Australian comic book retailer Kaboom Comics rebuked Marvel artist Mike Deodato Jr. after he praised Grand Rapids Comic-Con’s decision to kick out Lonestar creator Mike S. Miller. Deodato would also refer to Miller as a “creature.”

Fortunately, Grand Rapids Comic-Con came to their senses and reinvited Mike Miller after an apology.

However, Mike Deodato Jr., has not offered an apology and Kaboom Comics took exception to his behavior stating his behavior “is pure bullying and not helping the Comic Industry.”

This isn’t the first time that Kaboom Comics has called out creators for their bad behavior. When a number of creators were abandoning Alterna Comics and their publisher and founder Peter Simeti, they also told Enforcer creator Brian Funk they would no longer be supporting his future work.

I reached out to Kaboom Comics to get clarification on what their policy is.

Here’s what they told me:

“To clarify, we will still fulfill subscription orders for titles that Mr. Deodato is on but we will not actively promote or push his books to customers after his recent posts. We strongly believe that creators who are being overly political and are fighting with other Creators/Fans via FB and Twitter are causing great damage to the Current Comics Industry. This is reflected in subscribers dropping titles that these creators are on. This affects retailers like us and our bottom line, and a growing number more going by the amount of private messages I’ve received from fellow retailers stating the same. We are in The Comic Retailing business to make money but it’s getting harder to do that when customers are being turned off by politics in their books and arguments over politics by the creators.”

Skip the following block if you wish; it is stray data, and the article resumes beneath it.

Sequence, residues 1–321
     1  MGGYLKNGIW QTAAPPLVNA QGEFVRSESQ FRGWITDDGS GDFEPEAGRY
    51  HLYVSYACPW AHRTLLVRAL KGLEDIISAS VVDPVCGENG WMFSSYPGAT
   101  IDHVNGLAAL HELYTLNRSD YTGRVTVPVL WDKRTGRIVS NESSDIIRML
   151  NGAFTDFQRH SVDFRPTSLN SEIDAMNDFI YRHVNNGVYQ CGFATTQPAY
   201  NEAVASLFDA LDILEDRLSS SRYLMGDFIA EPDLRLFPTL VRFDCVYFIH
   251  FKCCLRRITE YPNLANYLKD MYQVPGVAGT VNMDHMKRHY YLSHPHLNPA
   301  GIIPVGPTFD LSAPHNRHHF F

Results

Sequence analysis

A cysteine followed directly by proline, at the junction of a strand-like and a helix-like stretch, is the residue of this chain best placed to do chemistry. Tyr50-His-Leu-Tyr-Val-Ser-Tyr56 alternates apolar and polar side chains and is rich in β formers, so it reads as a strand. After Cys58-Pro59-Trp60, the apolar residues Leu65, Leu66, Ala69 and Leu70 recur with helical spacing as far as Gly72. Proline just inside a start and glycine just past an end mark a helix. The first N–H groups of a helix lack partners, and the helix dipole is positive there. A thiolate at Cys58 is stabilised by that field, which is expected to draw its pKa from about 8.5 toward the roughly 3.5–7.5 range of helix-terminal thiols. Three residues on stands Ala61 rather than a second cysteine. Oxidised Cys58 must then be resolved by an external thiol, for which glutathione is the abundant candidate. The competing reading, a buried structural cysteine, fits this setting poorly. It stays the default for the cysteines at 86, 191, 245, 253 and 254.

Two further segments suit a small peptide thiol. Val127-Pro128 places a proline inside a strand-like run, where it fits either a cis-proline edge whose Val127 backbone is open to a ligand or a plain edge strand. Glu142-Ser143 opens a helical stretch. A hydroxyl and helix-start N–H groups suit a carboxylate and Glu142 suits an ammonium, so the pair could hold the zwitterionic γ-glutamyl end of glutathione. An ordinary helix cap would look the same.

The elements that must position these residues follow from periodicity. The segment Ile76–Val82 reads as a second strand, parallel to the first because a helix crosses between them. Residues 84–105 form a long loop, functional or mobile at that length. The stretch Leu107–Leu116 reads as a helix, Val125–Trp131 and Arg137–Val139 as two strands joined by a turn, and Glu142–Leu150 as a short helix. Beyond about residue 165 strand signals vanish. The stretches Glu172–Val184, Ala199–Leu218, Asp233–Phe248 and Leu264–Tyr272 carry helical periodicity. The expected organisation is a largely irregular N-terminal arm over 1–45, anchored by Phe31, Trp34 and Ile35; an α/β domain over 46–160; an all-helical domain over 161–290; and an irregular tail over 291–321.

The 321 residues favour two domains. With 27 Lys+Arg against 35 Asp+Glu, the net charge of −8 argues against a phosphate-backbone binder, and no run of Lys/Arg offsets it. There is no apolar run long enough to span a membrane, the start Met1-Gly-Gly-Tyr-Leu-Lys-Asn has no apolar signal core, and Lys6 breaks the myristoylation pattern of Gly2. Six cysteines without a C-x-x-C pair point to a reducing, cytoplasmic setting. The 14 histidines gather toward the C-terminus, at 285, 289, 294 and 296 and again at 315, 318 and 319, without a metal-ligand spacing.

I asked if there were any other creators they apply this policy to. They responded:

“John Layman is one, Mark Waid another (Which is hard personally as I’ve always been a big fan up until the last few years) Robbie Rodriguez, Gail Simone, and Bill Sienkiewicz as well. When any creator blocks fans or runs block chains it hurts the industry and trust me we take notice. Those creators are the ones we tend to not actively promote and push their books hard. It’s easier to sell books by creators (like Sean Murphy) who go out of their way to promote their work on Twitter and FB instead of pushing political rants and feuds. They understand that comics is a commercial art form and sales matter, thus they act in a professional manner. It’s not smart business to actively offend or ostracise potential customers but that seems to be lost on a number of current creators.”

Are you a retailer and are you enacting a similar policy? Are you seeing declining sales because of the way a number of creators are behaving? What do you think the solution is?

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About The Author

John F. Trent

John is the Editor here at Bounding Into Comics. He is a massive Washington Capitals fan, lover of history, and likes to dabble in economics and philosophy.

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